Studies have been conducted in recent years regarding gut hormones and their role in regulating food intake. A review done by professors at the Imperial College of London, Department of Investigative Medicine, focuses on these hormones and the potential to make new gut hormone based obesity treatments.
Researchers working with weight loss surgery patients discovered that gut hormones became altered in post operative patients who had a Roux-en-Y gastric bypass (RYGB) as opposed to those who had a gastric banding procedure. The patients with the RYGB lost more weight and resolved their diabetes more quickly than those with the banding procedure. It is believed that this is due to the hormone changes.
The hormones being studied are glucagon-like peptide-1 (GLP-1), oxyntomodulin, peptide YY, cholecystokinin, pancreatic polypeptide, amylin, and ghrelin. All of these hormones play a role in satiety, or feeling full. They have been studied using both laboratory animals and human subjects with mostly positive results. The most frequent side effect of these hormone therapies is nausea.
GLP-1 has been receiving the most attention as it has proven to be the most responsive for drug development so far. This hormone is released rapidly after eating, in proportion to food intake. In human trials, intravenous infusion reduced the number of calories consumed at the meal immediately following. Patients with Type 2 diabetes mellitus realized both weight loss and improved glycemic control when given long term subcutaneous infusions of GLP-1.
The role of this hormone on satiety has made it one of the most promising targets for the development of hormone based obesity treatments.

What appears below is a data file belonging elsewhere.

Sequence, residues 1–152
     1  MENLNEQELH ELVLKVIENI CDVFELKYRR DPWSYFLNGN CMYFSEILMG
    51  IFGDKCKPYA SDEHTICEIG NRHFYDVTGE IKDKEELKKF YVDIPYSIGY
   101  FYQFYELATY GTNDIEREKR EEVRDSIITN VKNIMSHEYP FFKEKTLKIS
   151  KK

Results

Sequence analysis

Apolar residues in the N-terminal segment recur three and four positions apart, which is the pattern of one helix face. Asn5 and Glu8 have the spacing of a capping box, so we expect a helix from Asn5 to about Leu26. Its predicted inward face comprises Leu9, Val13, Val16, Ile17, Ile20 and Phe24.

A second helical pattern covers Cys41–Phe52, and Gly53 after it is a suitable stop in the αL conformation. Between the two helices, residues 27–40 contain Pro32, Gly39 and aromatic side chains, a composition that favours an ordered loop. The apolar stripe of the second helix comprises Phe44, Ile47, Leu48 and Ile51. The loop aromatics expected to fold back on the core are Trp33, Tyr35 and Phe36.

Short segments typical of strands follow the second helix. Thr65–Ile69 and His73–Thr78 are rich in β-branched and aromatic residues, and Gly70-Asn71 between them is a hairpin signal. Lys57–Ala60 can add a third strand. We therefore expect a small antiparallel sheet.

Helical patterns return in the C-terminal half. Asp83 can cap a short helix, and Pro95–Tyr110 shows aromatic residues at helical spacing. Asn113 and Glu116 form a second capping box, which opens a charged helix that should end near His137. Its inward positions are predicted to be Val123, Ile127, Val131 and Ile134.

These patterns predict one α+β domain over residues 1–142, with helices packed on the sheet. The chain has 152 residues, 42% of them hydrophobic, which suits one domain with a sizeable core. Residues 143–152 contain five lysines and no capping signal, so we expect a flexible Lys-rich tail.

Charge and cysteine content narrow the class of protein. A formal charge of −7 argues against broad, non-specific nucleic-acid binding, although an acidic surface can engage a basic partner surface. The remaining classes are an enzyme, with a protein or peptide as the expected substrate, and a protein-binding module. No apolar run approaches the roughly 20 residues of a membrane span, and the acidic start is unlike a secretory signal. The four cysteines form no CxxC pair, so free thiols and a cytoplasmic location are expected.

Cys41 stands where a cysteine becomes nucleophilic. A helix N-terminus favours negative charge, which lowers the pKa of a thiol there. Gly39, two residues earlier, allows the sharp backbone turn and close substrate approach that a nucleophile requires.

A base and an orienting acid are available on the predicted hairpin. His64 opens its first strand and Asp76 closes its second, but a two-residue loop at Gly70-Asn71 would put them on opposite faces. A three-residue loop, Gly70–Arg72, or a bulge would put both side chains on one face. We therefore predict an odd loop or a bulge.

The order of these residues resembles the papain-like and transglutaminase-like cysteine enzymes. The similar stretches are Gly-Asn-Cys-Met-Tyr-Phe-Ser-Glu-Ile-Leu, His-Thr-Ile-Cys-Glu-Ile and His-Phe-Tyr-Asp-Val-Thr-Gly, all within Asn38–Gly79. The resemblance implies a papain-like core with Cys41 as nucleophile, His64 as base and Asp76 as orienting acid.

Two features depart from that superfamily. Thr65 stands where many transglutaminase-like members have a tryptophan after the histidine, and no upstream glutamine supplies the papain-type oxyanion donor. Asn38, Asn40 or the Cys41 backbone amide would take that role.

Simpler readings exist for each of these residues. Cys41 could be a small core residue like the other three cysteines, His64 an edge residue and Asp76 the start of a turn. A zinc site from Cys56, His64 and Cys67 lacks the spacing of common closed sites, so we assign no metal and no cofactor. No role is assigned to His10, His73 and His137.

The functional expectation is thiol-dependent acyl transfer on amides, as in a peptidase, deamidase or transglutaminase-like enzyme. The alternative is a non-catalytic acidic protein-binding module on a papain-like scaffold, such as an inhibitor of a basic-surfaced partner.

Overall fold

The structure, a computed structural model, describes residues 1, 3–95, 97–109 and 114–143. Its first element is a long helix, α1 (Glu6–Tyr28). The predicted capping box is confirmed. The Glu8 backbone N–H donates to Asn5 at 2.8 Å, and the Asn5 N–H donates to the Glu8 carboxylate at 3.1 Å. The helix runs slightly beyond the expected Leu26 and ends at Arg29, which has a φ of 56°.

There is currently an available treatment for patients with Type 2 diabetes mellitus that uses an injectable form of this hormone. Patients receive two daily injections which improves their glycemic control and significantly reduces body weight.
Oxyntomodulin is another hormone released in proportion to food consumed. It works to inhibit gastric acid and pancreatic exocrine secretion and it prolongs gastric emptying. These things make you feel full longer and studies have shown that oxyntomodulin increases energy expenditure and causes weight loss in obese volunteers. Wyeth Pharmaceuticals is developing a potential obesity treatment using this hormone.
Peptide YY is secreted with GLP-1 and oxyntomodulin after meals. It is released in proportion to calories consumed and is stimulated by protein more than fat. Peptide YY is thought to be a satiety inducing hormone; however, trials using it as an obesity treatment have stopped after significant problems with nausea and vomiting were discovered.
Amylin is a hormone that is co-secreted with insulin. A form of this hormone, called pramlintide, is currently licensed for use in the USA by Amylin Pharmaceuticals. It is used in conjunction with insulin treatment for patients with both Type 1 and Type 2 diabetes. It has been shown to result in modest weight loss in these patients.
More study is needed on the effects of ghrelin, cholecystokinin, and pancreatic polypeptide on appetite in order to develop obesity treatments with them.
Gut hormone based therapies show promise in the treatment of obesity, but more study is required to understand how each hormone effects satiety and how they work in conjunction with each other. Researchers are working to make treatments that mimic the changes in gut hormones brought on by Roux-en-Y gastric bypass. This could lead to improved weight loss therapies and eliminate the need for surgery and the risks associated with it.
Reference: Benjamin C. T. field, Owais B. Chaudhri, Stephen R. Bloom. Obesity treatment: novel peripheral targets. British Journal of Clinical Pharmacology. 2009;68:6, 830-834
Study can be found at: http://onlinelibrary.wiley.com/doi/10.1111/j.1365-2125.2009.03522.x/full